Buck Bedding 101. Learn how bucks choose their bedding areas.

Buck Bedding 101: How Bucks Choose Their Bedding Areas

If you want to know how to scout buck beds effectively, the first thing you need to understand is how bucks choose their bedding areas in the first place. In this post, I’ll take you through the basic rules of thumb for how mature bucks select their bedding areas and show you some examples of the key things they look for before deciding to bed down in a location.

When it comes to scouting deer bedding areas, it is important to understand that bucks and does bed differently and do not have the same criteria for selecting a bed. Does bed in family groups and often bed in a circular fashion to provide security and don’t rely on things like winds and thermals (as much) unless they are bedding alone.

Bucks on the other hand, specifically mature bucks, refine their bedding selection process and develop their core area over years. They learn the areas they live in and find those locations that provide them with the biggest wind advantage, most security, and available escape routes possible. A mature deer doesn’t make it through multiple hunting seasons without mastering a few key rules of thumb. If you want to plan to hunt them effectively, you need to master them too.

*Watch the video below now if you want a detailed breakdown of everything in this post.

The Three “S’s” of Buck Bedding

There are some basic Rules of Thumb for how a buck chooses their bedding areas. The most critical to understand is the three “S’s” of buck bedding. They are Scent, Security, and Sight. Understand, for every rule listed here, there are different situations, terrain variations, limitations, food source locations, and pressures (parcel size, hunting pressure, roads, development, etc.) that influence where deer bed and when they move during the day and night. The rules listed below are optimal scenarios that they will look for when selecting a place to bed down.


Scent drives everything a deer does. This applies to does, but bucks, especially mature bucks rely on scent to determine how they travel, feed, and bed. They use the wind direction and thermals to take a tactical advantage over predators and hunters alike. An old mature deer can be very hard to hunt.

Wind in Their Face

When choosing a bedding area, bucks will often select a spot where the wind is blowing in their face. This allows them to detect any potential threats, such as predators or hunters before they get too close. By having the wind in their face, bucks can also avoid being detected by animals downwind of them.

However, this is not always the case. In some situations, bucks may also choose a bedding area where the wind is blowing over their back. This can occur in areas where there is limited cover and visibility, or when bucks are bedding in a group and need to watch each other’s backs. In these situations, bucks may rely more on their sense of hearing and sight to detect potential threats.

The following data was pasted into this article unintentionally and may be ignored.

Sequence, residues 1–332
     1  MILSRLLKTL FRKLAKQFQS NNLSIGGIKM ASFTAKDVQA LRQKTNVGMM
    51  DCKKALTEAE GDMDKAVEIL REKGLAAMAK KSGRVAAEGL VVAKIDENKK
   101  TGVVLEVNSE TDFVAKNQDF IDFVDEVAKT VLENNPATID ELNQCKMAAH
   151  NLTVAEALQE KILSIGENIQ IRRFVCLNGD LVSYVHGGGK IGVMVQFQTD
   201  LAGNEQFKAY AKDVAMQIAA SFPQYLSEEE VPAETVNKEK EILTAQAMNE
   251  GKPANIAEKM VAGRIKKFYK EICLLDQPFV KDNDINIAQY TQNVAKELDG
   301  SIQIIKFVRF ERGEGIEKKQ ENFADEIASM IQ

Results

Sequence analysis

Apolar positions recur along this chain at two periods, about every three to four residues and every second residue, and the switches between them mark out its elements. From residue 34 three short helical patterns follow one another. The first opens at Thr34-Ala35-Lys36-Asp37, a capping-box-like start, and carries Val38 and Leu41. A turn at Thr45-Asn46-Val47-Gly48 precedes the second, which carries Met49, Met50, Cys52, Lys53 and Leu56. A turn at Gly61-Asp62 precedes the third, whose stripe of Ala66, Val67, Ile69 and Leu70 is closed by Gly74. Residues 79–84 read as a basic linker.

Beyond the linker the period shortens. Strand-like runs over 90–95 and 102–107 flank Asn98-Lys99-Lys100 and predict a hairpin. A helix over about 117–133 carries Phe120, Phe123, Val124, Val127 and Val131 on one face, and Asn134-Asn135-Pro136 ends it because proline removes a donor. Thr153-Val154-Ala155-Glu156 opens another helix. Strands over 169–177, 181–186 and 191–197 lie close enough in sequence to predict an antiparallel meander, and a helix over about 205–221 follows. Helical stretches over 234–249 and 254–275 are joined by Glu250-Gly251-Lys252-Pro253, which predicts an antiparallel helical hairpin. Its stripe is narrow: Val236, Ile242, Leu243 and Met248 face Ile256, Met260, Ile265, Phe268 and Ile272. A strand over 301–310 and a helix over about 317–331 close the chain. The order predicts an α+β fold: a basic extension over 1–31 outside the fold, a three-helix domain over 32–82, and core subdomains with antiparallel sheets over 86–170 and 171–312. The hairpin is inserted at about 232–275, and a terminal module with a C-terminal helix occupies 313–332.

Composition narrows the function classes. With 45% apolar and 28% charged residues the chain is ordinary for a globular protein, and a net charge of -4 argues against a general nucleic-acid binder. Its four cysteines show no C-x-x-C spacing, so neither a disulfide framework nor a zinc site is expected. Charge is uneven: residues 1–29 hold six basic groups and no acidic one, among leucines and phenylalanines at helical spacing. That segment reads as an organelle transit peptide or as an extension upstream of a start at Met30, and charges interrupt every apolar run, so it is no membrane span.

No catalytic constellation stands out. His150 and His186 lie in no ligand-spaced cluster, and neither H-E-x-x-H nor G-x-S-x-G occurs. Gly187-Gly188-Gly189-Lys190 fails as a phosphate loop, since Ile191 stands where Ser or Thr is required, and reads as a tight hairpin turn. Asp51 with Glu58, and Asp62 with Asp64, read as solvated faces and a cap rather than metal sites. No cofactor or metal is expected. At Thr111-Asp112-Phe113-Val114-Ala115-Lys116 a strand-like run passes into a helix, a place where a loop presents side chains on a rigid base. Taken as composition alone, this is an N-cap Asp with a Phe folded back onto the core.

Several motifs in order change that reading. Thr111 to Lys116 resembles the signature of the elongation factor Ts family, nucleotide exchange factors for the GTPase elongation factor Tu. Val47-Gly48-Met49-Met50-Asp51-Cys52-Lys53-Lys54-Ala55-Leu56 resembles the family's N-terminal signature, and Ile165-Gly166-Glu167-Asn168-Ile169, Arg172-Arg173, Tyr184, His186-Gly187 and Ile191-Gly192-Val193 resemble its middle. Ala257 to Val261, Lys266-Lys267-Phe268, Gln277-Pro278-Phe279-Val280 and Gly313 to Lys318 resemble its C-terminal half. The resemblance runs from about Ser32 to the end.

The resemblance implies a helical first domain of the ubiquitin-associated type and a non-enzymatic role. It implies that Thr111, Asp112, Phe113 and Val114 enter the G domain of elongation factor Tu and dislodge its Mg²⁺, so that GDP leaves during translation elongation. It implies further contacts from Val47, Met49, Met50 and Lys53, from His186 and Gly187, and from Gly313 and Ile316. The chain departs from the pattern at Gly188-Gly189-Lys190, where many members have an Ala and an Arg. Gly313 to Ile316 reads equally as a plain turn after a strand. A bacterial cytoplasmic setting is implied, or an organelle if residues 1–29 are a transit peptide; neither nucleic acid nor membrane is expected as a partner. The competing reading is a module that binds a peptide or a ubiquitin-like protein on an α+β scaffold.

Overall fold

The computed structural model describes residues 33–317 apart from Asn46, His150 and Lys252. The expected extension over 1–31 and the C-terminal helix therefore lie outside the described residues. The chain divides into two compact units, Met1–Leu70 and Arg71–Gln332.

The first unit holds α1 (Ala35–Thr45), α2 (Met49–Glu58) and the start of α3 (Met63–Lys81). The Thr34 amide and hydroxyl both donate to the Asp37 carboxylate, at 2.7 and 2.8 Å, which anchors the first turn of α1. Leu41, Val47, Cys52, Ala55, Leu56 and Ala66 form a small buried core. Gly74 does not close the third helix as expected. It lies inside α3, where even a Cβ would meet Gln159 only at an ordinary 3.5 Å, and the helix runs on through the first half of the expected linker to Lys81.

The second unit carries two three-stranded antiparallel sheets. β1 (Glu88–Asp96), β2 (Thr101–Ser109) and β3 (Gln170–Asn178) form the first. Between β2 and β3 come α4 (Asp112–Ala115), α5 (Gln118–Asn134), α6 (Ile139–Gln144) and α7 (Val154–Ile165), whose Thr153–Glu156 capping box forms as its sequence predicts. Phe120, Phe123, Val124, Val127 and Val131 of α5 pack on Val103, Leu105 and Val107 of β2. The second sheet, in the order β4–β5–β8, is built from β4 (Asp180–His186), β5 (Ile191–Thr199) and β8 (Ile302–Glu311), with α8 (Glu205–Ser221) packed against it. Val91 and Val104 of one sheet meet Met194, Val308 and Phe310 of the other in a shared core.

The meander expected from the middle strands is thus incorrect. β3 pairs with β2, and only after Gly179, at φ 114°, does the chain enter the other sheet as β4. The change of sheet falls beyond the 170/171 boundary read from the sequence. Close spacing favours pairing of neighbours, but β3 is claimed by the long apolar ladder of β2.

Ultimately, the choice of whether to have the wind in their face or over their back will depend on the specific terrain features and conditions of the area where the buck is bedding. As a hunter, it’s important to consider all factors, including wind direction, thermals, and cover, when scouting for buck bedding areas and planning your approach.

Prevailing Wind at their Back

A mature buck will prefer to bed with the wind at his back. Primary buck bedding will usually be based on the prevailing winds in the area and alternative bedding will change from day to day (and even during the day if it shifts substantially) depending on the primary direction of the wind from day to day. He will want the wind at his back so he can smell anything coming from behind him.

A deer’s sense of smell is far greater than even a bloodhound and they can smell almost on a molecular level. They don’t just smell something, they smell the parts of the odor. This asset allows them to feel comfortable putting their back to an area, with visibility to their front.

Buck bedding on opposing points for a west and an east wind using the upper one-third of the mountain.

Thermals to Their Front

A mature buck will also rely heavily on the thermals in an area for scent. This is why in hill country and mountain areas, bucks will often bed in the upper one-third of the hill. This allows them to bed there during the day. They are able to take advantage of the thermals rising through the day, pushing any scent below them into their face, thus giving them the advantage of both visibility and thermal wind to their front.

Thermal winds rise as the air is heated through the day and then drop as the air cools into the evening.